Sr. Director, Marketing
Are consumers facing subscription fatigue? A survey highlighted in TechCrunch last week sought to understand the implications of the growing number of subscription services on consumers. The hypothesis that consumers may be saturated by their subscriptions – and looking to curtail their monthly spend, could mean potential fallout for popular services like Dropbox and Spotify.
Fortunately for those of us embracing the Subscription Economy, the answer seems to be the opposite, at least directionally; that there is, in fact, upside for services that use a recurring revenue model. Some may contest the survey methodology that clearly biases for an early adopter profile; however, we believe the results are meaningful.
Here are the findings we were excited to learn, and the opportunities to consider for those companies looking to implement subscription models:
1) There’s headroom for subscription services revenue growth – specifically, consumers are budgeting 240% of what they actually spend. And 86% plan on increasing their spend.
2) Consumers are willing to pay for free services like Gmail and Wikipedia, suggesting an opportunity for companies to build additional value on top of major consumer platforms that can be monetized, e.g. Gmail plugins like Boomerang, and supporting more use of the freemium model to hook in new subscribers.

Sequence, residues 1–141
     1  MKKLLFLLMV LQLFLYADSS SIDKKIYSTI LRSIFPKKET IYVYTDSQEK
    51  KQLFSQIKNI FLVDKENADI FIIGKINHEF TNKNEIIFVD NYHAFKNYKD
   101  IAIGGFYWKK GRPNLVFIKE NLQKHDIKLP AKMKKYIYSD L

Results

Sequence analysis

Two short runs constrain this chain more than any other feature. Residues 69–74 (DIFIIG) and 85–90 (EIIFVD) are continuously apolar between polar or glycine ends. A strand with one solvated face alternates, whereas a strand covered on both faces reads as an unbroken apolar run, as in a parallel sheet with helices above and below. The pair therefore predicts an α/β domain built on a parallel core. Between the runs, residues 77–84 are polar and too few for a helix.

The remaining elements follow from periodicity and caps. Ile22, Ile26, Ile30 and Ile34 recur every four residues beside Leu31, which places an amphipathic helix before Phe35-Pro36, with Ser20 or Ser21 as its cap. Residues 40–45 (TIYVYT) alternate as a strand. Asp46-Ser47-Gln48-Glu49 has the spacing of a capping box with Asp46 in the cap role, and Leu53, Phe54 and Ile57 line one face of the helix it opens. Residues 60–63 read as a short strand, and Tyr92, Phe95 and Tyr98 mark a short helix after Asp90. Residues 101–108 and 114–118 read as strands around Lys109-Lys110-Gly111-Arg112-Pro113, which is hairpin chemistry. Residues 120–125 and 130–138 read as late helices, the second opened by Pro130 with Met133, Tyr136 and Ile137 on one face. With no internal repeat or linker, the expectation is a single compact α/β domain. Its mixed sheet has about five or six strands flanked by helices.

3) Recommendations from friends and family are the most important drivers of influence during the purchase process (more important than business contacts and expert bloggers), suggesting opportunity to more fully incorporate and invest in social influence capabilities in paid services.
Despite the directional nature of the survey, it supports the notion that there’s a real upside opportunity for paid subscription services and for value-add services that build on existing free platforms.
We at Zuora support further study into subscriber behavior and preferences that will help the vendor community better deliver value to our customers and enable us to thrive in the Subscription Economy.